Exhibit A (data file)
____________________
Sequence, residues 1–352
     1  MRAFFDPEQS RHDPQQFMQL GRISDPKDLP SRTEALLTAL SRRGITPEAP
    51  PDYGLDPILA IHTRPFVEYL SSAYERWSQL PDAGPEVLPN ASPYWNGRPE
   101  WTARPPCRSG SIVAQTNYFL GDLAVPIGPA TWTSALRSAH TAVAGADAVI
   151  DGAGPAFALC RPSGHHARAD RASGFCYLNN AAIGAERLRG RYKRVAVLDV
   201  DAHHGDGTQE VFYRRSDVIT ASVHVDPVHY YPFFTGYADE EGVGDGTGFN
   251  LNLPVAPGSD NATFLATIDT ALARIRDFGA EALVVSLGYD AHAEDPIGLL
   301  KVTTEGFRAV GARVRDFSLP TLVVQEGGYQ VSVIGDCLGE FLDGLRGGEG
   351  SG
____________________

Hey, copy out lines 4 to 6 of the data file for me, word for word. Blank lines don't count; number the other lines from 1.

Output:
   101  WTARPPCRSG SIVAQTNYFL GDLAVPIGPA TWTSALRSAH TAVAGADAVI
   151  DGAGPAFALC RPSGHHARAD RASGFCYLNN AAIGAERLRG RYKRVAVLDV
   201  DAHHGDGTQE VFYRRSDVIT ASVHVDPVHY YPFFTGYADE EGVGDGTGFN